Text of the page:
It would be an incredible upset for La La Land, the first original musical in recent memory to be nominated for Best Picture, to lose this category, or that of Best Original Song. Justin Hurwitz will take home this award.

Best Original Song: “City of Stars” by Justin Hurwitz, Benj Pasek, and Justin Paul (La La Land)

Courtesy HFPA

Despite two nominations for La La Land, “City of Stars” is the centerpiece of the entire film, with its haunting leitmotifs interspersed throughout the movie. Instead of a split vote, expect support for La La Land to consolidate behind “City of Stars.” Despite Hollywood’s love for Lin-Manuel Miranda, it’s more probable that La La Land will take home the trophy.

Best Original Screenplay: Kenneth Lonergan (Manchester By the Sea)

Courtesy Amazon

Right after La La Land and Moonlight, Manchester by the Sea is the most celebrated film of 2016 due to its exemplary strengths in Lonergan’s naturalistic dialogue and Casey Affleck’s melancholic performances. The Academy will surely recognize both of these feats.

Best Adapted Screenplay: Barry Jenkins and Tarell Alvin McCraney (Moonlight)

Courtesy A24

Moonlight will win easily here. Arrival will likely be ignored due to the Academy’s historic phobia of science fiction. The posthumous recognition of August Wilson is even less likely, as it would go against one of the main unspoken functions of the Oscars, which is to invest in marketable stars for future films.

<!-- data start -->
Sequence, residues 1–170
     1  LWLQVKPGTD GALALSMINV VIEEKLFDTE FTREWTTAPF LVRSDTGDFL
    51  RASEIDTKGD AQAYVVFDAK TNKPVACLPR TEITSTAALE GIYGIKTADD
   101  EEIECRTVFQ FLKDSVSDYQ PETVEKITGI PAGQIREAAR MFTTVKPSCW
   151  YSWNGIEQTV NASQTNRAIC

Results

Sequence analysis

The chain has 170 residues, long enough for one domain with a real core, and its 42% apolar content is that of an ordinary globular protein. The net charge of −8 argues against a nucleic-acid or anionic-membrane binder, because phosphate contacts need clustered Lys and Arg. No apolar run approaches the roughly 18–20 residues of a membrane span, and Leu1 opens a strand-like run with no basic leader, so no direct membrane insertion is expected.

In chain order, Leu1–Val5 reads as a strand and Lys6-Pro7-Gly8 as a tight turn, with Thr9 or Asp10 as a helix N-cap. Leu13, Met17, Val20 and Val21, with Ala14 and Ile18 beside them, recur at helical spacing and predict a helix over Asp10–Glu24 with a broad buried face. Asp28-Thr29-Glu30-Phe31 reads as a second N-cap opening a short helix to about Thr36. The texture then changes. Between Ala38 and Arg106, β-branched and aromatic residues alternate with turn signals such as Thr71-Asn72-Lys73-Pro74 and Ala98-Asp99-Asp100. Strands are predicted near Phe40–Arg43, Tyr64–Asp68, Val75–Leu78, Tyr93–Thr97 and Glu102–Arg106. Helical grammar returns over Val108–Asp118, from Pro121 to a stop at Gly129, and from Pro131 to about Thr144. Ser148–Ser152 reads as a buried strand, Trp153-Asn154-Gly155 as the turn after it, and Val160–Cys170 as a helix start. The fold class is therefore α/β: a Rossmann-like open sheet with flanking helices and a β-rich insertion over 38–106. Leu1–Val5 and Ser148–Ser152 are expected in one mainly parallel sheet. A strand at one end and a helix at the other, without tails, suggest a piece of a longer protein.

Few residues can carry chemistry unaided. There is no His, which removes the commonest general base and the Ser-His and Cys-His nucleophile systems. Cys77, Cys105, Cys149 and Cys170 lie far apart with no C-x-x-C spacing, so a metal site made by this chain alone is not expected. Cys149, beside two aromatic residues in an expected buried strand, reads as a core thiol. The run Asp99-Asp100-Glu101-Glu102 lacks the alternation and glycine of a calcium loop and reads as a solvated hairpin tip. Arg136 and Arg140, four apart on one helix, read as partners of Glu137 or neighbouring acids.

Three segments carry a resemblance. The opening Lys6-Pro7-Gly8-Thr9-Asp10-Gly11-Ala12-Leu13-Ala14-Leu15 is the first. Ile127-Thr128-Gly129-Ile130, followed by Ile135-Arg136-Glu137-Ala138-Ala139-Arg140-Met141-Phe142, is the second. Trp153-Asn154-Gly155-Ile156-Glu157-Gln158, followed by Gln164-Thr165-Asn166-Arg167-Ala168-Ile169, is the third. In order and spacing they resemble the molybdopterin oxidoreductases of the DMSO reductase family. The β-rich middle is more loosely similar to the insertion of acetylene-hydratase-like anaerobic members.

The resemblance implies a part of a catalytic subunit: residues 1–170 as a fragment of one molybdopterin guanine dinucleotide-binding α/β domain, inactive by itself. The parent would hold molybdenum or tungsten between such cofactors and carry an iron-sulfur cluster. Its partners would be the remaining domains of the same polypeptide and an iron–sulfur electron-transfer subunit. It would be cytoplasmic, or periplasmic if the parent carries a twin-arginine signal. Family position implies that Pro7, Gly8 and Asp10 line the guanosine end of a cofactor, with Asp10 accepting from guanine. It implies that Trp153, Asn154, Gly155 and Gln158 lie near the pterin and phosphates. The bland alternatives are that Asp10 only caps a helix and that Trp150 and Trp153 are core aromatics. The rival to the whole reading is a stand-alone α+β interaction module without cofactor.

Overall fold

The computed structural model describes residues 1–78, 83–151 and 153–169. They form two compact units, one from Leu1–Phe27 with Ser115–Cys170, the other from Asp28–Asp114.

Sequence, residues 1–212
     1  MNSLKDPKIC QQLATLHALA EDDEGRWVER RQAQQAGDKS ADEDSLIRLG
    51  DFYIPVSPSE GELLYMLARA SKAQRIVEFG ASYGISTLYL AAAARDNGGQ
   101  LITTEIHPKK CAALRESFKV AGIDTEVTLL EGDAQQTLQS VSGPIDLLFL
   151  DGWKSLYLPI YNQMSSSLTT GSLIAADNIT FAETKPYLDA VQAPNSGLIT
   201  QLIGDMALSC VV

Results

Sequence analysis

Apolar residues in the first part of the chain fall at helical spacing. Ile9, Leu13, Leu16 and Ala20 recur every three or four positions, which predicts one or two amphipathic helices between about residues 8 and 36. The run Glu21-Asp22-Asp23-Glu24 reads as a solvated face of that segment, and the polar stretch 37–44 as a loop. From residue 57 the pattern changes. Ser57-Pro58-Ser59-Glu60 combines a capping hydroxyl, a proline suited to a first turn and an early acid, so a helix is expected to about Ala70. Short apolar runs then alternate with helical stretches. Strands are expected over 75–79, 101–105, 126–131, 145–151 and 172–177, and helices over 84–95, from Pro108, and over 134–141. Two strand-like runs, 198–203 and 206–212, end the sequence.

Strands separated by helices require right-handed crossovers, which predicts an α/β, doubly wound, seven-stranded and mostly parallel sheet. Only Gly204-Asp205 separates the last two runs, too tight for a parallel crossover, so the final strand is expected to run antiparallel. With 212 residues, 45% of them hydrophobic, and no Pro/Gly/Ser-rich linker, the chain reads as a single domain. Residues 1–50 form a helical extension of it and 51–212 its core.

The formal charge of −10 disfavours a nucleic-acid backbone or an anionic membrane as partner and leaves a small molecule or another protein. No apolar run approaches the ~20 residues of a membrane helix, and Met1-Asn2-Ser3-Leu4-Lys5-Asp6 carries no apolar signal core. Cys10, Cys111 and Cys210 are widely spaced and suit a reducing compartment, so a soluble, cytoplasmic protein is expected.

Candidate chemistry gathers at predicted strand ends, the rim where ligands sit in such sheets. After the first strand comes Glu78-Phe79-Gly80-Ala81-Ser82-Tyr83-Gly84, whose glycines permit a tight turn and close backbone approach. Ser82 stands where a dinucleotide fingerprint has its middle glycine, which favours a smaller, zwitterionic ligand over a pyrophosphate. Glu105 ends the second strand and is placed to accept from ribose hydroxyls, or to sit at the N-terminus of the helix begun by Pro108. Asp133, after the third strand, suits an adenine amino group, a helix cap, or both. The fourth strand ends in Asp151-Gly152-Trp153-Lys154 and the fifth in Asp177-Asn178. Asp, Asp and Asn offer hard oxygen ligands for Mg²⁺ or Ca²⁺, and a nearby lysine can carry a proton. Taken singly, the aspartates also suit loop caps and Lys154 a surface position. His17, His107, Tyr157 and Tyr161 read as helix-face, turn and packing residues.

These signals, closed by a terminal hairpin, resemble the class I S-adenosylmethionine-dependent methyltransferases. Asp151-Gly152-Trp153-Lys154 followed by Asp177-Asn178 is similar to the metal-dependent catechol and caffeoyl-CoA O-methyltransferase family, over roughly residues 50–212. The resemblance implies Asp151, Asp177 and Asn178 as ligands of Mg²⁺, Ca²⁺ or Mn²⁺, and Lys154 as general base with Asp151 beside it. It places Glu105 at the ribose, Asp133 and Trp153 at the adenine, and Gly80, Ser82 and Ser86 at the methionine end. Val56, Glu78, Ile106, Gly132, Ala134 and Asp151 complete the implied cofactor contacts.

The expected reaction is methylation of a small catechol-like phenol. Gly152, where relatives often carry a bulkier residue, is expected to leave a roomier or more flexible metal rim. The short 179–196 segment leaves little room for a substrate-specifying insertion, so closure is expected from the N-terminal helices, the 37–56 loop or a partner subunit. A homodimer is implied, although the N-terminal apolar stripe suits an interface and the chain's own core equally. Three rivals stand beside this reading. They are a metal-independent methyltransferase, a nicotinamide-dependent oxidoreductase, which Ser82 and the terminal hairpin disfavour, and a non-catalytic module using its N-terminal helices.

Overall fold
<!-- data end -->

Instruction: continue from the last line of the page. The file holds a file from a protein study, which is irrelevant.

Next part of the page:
Best Director: Damien Chazelle (La La Land)

Courtesy Lionsgate

Achievement in directing has often been associated with creating the biggest spectacle. Here, Damien Chazelle is an obvious pick, and he could become the youngest ever recipient of the award. He also has the brightest future, coming off the popularity and success of Whiplash (2014).

Best Actor in a Leading Role: Casey Affleck (Manchester By the Sea)

Courtesy Amazon

A leading actor award is the biggest gift the Academy can bestow upon a budding star. Despite an incredible performance from Denzel Washington, it seems more probable that the award will go to Casey Affleck, solidifying his status as an A-list actor.

Best Actress in a Leading Role: Emma Stone (La La Land)

Courtesy Lionsgate

Despite the complexity of Isabelle Huppert’s role in Elle, the film will be difficult for the Academy to embrace due to its dark subject matter. Jackie, from Chilean arthouse director Pablo Larraín, is also not the type of film to be recognized, despite a standout performance from Oscar-winner Natalie Portman. And it looks like the perennially nominated Meryl Streep will have to wait a little longer before winning a fourth Oscar. Emma Stone is a strong favorite, and this award will acknowledge her superb work in La La Land.

Best Picture: Moonlight

Courtesy A24

Most industry publications are convinced that La La Land will win, for very good reasons. It is crowd-pleasing, marketable, and self-congratulatory in its praise of the magic of cinema. Still, in my optimism, I hope the Academy recognizes the subtle beauty of Moonlight over the flashy musical. From its classical score to its universal themes about the separation and unification of two lovers (albeit neither straight nor white), Moonlight will appeal to the Academy in many ways despite its unconventional background.

Not to mention the #OscarsTooWhite controversy of the last two years, picking La La Land as a nostalgic tribute to the Golden Age of Cinema would not be a particularly progressive decision for this awards ceremony, especially as it loses viewers every year and continues to be criticized for being out of touch with the current generation. Moonlight will be crowned the apex of an incredibly diverse and exciting year in American cinema.